31. 31. ABERTIS INFRAESTRUCTURAS, S.A. Corporate Social Responsibility Report 31 6.2. Road safety on motorways Policy The safety of motorway users is one of the commitments of the service provided by Abertis. This takes the form of keeping the infrastructure in suitable condition and encouraging safe driving. Performance Throughout 2013 a number of initiatives were carried out aimed at improving the safety of the users of the Abertis toll road network, establishing a road safety policy with two principal lines of action: on one hand, the improvement of facilities, through the application of new technologies, along with a review of the emergency protocols; and on the other hand, carrying out awareness-raising campaigns on the risks of driving. Improvements to emergency protocols and installations The procedures and coordination between the different agents that intervene in accidents are evaluated through emergency simulations. The various administrations involved collaborate in these simulations, which entail on-the- ground knowledge of the work of the different emergency services, resulting in improvements to the service and road safety on the motorway. In Brazil, one objective worked on by Abertis focused on reducing the accident rate by carrying out a number of educational initiatives aimed at organisations in the setting of traffic-related pre-hospital care, and with the setting up of GERAR (Strategic Group for the Reduction of Road Accidents), from which ideas, studies and initiatives for obtaining this objective are launched. Meanwhile, in Spain, emergency simulations were carried out in the networks' tunnels, with the collaboration of the emergency teams defined in the Abertis Self-Protection Plan, in order to provide a coordinated response in the event of a disaster. Various winter road condition simulations were also carried out, making it possible to test response times in activating the protocol, operations and communication with the Operations Centres; to detect any faults in the operation of machinery and equipment; and finally to improve staff training. With the improvement of the infrastructures, Abertis guarantees service quality at the same time as it promotes road safety. In this regard, throughout the year viaduct contention systems, metal safety barriers and central reservation crossings were installed, and safety systems in tunnels were renewed or implemented, with the fitting of anti-dazzle cameras and loudspeakers, along with access hatches and the updating of the Automatic Incident Detection system. Awareness-raising campaigns Abertis has promoted campaigns to raise awareness among users of dangerous driving habits that may jeopardise their own safety and that of other drivers. In this respect, a total of 83 campaigns were carried out in 2013 to reduce accident rates and to promote road safety in local communities. Brazilian Toll Roads launched a national road safety campaign in which they handed out leaflets to drivers, pedestrians and users of the toll roads of the nine concession companies, with information on preventing traffic accidents. Worthy of note in France was the promotion of the second study on driving habits and the publication of the results in different media, along with a number of awareness-raising campaigns throughout 2013 to improve driving behaviour and road safety. In Spain, Abertis launched an approximately monthly e-mail road safety campaign aimed at individual and professional customers. These campaigns are seasonal, taking into account adverse weather conditions. Similarly, during 2013 the Fundación Abertis, with a view to carrying out road safety campaigns in all the countries in which the Group operates, conducted awareness-raising initiatives on the dangers of reckless driving in Brazil and Chile.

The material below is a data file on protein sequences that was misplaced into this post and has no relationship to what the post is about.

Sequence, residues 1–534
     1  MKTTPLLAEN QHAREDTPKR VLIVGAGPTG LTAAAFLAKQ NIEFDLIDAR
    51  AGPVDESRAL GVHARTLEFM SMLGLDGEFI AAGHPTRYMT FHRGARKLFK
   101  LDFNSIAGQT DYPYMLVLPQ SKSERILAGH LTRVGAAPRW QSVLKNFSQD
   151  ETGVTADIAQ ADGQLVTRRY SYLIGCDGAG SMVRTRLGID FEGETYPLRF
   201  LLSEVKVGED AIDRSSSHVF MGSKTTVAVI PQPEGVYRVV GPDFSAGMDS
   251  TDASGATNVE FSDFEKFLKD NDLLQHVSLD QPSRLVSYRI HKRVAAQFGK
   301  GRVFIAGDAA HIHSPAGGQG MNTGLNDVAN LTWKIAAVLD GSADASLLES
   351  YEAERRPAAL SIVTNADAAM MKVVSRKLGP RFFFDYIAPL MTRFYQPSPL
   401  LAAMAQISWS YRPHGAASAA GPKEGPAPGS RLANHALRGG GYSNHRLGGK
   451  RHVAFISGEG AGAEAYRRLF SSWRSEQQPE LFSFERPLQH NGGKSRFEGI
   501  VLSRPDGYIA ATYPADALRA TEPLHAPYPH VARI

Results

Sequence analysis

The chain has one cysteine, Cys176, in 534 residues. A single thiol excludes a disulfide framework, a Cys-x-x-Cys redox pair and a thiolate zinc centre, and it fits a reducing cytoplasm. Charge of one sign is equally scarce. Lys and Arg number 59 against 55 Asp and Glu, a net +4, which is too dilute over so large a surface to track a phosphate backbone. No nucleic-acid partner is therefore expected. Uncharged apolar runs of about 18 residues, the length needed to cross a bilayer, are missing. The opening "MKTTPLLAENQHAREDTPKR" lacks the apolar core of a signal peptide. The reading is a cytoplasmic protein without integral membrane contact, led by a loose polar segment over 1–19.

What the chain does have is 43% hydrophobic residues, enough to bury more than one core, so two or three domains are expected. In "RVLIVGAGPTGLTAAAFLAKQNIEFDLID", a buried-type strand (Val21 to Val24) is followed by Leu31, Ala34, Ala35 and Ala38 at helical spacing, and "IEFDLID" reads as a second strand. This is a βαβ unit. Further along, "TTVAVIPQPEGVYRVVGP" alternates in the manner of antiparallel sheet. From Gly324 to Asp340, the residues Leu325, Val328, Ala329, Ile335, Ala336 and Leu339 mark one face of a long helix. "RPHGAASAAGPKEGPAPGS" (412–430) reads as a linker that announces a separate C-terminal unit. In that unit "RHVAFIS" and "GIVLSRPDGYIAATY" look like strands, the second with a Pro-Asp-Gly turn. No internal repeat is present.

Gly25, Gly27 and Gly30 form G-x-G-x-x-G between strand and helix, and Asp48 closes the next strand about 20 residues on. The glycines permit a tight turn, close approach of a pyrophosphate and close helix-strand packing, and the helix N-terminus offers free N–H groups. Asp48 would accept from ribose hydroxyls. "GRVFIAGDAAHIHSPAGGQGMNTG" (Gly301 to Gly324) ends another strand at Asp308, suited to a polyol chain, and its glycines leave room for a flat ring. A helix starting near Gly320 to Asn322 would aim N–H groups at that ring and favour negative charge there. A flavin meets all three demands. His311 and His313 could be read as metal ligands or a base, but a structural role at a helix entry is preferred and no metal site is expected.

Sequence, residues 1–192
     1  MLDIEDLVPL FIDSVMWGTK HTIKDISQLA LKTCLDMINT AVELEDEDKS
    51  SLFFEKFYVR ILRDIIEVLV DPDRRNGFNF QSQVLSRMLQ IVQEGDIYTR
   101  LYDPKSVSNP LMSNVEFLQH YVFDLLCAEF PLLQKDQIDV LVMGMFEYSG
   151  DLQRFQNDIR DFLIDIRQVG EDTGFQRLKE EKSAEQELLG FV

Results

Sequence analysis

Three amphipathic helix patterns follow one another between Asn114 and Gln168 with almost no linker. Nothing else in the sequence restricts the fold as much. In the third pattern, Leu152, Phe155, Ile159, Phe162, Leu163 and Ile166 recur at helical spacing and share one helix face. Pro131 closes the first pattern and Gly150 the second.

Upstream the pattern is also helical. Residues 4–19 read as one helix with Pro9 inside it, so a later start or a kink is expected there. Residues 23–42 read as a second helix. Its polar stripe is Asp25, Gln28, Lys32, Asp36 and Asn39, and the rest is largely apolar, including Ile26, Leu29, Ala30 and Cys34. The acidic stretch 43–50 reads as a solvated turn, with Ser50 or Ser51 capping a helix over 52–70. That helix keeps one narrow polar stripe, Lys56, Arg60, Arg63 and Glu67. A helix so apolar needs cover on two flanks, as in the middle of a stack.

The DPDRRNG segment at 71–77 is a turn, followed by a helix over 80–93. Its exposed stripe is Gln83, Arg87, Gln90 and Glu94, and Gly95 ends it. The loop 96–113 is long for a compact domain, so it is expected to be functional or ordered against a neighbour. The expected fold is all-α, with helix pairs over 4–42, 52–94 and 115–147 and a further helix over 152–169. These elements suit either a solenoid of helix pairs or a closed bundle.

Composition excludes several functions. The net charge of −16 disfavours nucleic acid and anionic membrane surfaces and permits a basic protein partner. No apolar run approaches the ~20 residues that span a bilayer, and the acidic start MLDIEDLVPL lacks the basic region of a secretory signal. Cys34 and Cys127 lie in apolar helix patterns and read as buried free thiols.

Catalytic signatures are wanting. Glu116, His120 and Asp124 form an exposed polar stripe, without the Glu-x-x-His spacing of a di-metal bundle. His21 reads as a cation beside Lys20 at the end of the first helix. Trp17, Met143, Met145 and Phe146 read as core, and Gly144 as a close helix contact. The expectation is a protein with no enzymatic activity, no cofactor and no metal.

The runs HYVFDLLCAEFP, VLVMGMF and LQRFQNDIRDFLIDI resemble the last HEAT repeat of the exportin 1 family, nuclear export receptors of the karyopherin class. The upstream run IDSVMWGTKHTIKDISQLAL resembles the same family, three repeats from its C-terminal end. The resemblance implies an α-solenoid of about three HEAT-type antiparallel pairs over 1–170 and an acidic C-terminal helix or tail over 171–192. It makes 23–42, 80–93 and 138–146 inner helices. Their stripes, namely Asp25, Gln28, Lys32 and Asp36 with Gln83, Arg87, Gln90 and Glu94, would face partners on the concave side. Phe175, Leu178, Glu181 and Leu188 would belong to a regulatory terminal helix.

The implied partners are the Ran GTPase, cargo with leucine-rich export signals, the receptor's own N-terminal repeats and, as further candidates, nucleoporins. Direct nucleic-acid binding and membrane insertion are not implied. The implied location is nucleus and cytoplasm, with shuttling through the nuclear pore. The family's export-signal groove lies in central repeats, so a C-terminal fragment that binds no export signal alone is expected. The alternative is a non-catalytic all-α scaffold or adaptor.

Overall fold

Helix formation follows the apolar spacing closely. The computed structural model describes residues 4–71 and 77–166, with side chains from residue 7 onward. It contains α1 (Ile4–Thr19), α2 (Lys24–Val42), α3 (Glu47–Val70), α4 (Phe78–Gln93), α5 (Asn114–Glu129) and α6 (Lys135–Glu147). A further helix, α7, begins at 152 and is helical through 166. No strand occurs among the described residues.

32. 32. ABERTIS INFRAESTRUCTURAS, S.A. Corporate Social Responsibility Report 32 Practical experiences Road safety improvement measures Throughout 2013, Abertis promoted a number of initiatives aimed at raising awareness among users and improving emergency protocols:  Brazil promoted the second Traffic-Related Pre-hospital Care and Medicine Day, aimed at organisations working in this setting, with educational initiatives and an accident simulation involving hazardous materials and multiple victims, and a national safety campaign was launched, in the 9 managing concessions, consisting of handing out leaflets with advice aimed at drivers, pedestrians and toll road users on preventing traffic accidents. Initiatives were also carried out regularly as part of the "Viva Súde" programme, aimed at lorry drivers and focusing on their health and quality of life. Also in Brazil, the Strategic Group for the Reduction of Road Accidents (GERAR) was created to address accident prevention from different perspectives, carrying out preventative initiatives aimed at workers, users and pedestrians, along with safety audits in road works, supporting governmental awareness-raising programmes and initiatives, promoting agreements with driver training and retraining centres, and joint actions with the reference hospital network to improve care for road accident victims, providing Road safety courses for companies and associations, establishing prizes for reducing accidents and reinforcing surveillance. The ultimate aim is a 50% reduction in accidents by 2020.  During 2013 the French toll roads conducted a number of awareness-raising campaigns to improve certain driving habits and promote road safety. More specifically, one of them stresses the dangers of falling asleep at the wheel and the importance of stopping at the first sign of drowsiness. Another campaign by France Toll Roads, this time addressing the safety of personnel working on the motorway, was aimed at raising awareness among customers of the importance of sensible driving, particularly in areas with roadworks and toll booths, to reduce the number of accidents involving employees. For the second year running, Sanef, in partnership with CETE Normandie Centre (a French public organisation for studies specialising in driving behaviour), conducted a study based on the analysis of different parameters, such as the distance between vehicles, traffic levels, speed, use of indicators and reactions in areas with roadworks, in order to evaluate the behaviour of motorway users from one year to the next. The Road Behaviour Observatory, established in 2012, carried out studies revealing the importance and frequency of certain high-risk behaviours, the results of which have served as a tool for raising awareness in different media, as well as a basis for designing future road safety campaigns.  In Spain, a number of different initiatives were carried out to promote a culture of road safety among workers. These actions took the form of training courses and Intranet memos, including advice for safe, efficient driving to help improve people's approach to using the road. Brazil Toll Roads was involved in giving these courses and advice. Additionally, two road safety videos were produced to offer transport professionals tips and good driving practices for snow, bad weather and efficient driving. Other important initiatives for enhancing the service and improving road safety in Spain included emergency simulations for evaluating emergency procedures and improving coordination between the different agents involved in the event of an accident or bad weather: - Xeresa Tunnels on the AP-7 toll road: The simulation, which involved the participation of a total of 100 individuals, including operational bodies, actors, observers and assistants, consisted of a simulated accident involving a motorbike and two cars inside a tunnel and resulting in a fire. - Tunnel 2, Tarragona-bound lane of the C-32: The simulation was based on a situation included in the INUNCAT Plan, activated in the event of heavy rain.